In the 21st century, the advent of skilled microsurgical techniques has afforded many with the option of undergoing operative facial rejuvenation. Known to many as a facelift, surgical advances have enabled patients to reap great rewards, not only with a full facelift, but also procedures which are less comprehensive such as a limited lower facelift or a simplicity neck lift.
While many are celebrating this new fountain of youth via plastic surgery, a recent study emerged and was reported by Medical News Today. The study claims that plastic surgery is not defined solely by youth.
There’s more to it.
The research study was recently published in JAMA Facial Plastic Surgery. The premise of the study was to use before-and-after pictures of ladies who had undergone a particular type or type of facial rejuvenation surgery. A handful of these procedures included:
- Eyebrow Lift
- Eyelid Surgery (upper, lower or both)
- Neck Lift
Part of the study was analyzing these photos and determining whether or not any specific personality traits were present for the viewer in a control study group. These personality traits consisted of the following:
- Social Skills
- Risk Seeking
These supposed “traits” were all based on the perception of others for an individual before and after their facial procedure.
Reporter, Markus MacGill of Medical News Today wrote that the aim of the study was to, “introduce the concept of facial profiling to the surgical literature and to evaluate and quantify the changes in personality perception that occur with facial rejuvenation surgery.” He continued, “The relationship between facial features and personality traits has been explored ‘by social scientists for many years’ but so far left out of the journals read by surgeons.”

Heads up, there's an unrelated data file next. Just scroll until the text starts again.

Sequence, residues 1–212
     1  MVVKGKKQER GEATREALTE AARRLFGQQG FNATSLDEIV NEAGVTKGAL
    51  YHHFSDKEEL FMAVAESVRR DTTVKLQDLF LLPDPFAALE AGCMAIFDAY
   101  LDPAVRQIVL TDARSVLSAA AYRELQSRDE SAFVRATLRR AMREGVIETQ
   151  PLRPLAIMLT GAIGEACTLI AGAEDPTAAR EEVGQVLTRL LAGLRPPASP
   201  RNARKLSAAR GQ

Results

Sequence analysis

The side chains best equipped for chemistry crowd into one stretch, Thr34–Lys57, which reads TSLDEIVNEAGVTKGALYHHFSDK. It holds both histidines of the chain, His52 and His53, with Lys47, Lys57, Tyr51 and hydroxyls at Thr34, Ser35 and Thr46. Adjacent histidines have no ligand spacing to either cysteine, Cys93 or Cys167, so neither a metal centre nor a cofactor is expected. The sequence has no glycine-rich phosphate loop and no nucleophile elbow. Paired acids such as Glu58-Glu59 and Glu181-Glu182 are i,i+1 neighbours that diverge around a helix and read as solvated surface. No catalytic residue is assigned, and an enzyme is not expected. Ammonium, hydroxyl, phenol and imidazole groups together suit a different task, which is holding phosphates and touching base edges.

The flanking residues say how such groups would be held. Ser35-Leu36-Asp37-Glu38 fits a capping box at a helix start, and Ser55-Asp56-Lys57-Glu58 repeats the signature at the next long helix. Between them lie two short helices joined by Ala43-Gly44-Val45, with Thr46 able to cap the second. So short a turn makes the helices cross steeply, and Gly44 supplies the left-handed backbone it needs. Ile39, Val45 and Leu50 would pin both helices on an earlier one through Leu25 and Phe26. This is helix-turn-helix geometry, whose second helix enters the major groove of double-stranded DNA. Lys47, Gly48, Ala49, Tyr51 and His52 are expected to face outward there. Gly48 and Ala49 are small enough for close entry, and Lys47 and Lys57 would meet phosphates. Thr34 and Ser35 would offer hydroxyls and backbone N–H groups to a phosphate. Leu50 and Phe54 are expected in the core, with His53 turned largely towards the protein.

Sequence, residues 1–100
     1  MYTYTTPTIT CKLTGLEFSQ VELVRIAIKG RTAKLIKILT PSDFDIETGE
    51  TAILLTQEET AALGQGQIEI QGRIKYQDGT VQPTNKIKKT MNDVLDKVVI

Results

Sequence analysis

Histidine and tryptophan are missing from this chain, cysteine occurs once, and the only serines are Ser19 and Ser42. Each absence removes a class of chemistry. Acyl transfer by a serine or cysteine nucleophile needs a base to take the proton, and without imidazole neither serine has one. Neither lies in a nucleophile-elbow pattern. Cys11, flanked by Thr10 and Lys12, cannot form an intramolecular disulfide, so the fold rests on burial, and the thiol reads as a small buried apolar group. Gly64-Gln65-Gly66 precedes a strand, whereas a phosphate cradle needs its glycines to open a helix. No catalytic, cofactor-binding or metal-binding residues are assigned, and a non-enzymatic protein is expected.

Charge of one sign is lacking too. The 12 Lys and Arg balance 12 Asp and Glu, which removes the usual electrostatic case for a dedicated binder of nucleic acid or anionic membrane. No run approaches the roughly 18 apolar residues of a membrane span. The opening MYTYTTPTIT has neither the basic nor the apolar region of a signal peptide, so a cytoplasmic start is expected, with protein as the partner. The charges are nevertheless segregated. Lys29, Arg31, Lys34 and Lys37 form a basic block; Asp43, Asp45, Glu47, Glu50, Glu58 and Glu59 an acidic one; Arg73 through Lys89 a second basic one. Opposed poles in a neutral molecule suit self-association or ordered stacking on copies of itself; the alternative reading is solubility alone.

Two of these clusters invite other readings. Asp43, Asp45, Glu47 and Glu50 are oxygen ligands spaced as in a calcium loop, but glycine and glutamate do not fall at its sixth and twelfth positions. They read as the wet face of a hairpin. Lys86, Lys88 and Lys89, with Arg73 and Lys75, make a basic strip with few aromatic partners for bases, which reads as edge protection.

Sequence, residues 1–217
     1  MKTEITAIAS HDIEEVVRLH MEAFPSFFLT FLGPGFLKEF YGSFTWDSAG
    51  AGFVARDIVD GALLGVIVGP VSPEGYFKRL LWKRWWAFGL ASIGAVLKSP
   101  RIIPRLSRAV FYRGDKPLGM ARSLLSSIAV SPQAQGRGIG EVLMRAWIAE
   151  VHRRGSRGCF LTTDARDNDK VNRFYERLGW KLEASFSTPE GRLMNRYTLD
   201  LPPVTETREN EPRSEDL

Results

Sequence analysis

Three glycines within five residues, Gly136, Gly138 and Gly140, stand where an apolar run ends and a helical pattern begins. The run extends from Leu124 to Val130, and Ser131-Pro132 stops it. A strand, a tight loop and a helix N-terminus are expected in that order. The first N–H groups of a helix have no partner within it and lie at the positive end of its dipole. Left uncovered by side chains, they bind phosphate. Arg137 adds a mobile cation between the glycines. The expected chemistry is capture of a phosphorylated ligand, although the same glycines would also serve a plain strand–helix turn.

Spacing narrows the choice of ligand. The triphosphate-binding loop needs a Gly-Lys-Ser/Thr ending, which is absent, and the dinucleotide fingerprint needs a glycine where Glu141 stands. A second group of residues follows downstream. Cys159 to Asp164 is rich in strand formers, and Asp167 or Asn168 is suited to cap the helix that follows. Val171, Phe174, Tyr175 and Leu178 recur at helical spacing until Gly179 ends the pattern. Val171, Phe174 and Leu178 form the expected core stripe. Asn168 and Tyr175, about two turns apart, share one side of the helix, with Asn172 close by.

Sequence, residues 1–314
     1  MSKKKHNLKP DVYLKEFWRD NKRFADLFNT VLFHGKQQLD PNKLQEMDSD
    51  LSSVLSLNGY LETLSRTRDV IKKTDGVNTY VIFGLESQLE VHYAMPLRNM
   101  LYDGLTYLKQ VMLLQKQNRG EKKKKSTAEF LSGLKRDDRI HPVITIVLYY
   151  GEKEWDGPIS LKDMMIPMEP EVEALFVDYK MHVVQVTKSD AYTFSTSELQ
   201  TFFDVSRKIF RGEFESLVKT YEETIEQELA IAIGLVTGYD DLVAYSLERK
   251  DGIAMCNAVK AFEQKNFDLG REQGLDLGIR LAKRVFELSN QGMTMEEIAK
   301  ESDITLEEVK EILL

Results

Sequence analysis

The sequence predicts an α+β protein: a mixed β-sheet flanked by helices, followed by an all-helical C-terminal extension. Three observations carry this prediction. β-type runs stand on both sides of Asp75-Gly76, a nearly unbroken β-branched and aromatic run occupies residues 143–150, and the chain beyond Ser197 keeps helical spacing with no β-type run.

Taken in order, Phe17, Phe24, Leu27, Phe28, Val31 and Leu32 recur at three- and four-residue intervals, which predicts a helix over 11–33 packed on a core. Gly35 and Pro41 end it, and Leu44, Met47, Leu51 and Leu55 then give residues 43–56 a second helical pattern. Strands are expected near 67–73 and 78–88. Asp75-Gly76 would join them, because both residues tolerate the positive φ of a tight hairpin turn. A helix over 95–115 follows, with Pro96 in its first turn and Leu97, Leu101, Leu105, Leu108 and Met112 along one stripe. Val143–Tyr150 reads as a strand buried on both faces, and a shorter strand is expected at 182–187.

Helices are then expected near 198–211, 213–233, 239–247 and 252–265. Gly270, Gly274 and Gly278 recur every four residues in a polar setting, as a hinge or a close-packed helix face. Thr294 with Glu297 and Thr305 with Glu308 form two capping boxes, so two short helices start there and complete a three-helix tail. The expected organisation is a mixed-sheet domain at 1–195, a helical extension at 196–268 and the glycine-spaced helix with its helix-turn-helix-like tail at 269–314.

The goal of the study was to branch out further than looking more youthful. That was only one element. They delved into the different degrees of features following surgery and discovered if they were impacted in any way.
The study included 30 women who underwent a type of facial rejuvenation surgery which were subject to evaluation. These ladies had undergone surgery between the years of 2009 – 2013.
Plastic surgeon, Dr. Michael Reilly of Medstar Georgetown University Hospital in Washington DC, championed the study along with other coauthors. Unveiled was a “significant improvement” in the traits of likeability and social skills.
On the flipside, however, there was a moderate to slight improvement for the traits of extroversion, aggressiveness, risk-seeking and trustworthiness.
MacGill extracted from the study that, “The comprehensive evaluation and treatment of the patient who undergoes facial rejuvenation requires a broader understanding of the many changes in perception that are likely to occur with surgical intervention. The face is not defined by youth alone.”
This study affords the best plastic surgeons pathways for their patients not only to look more youthful but to also rein in other personality traits which may impact other facial features following surgery. The goal of plastic surgery is to achieve aesthetic harmony on many levels.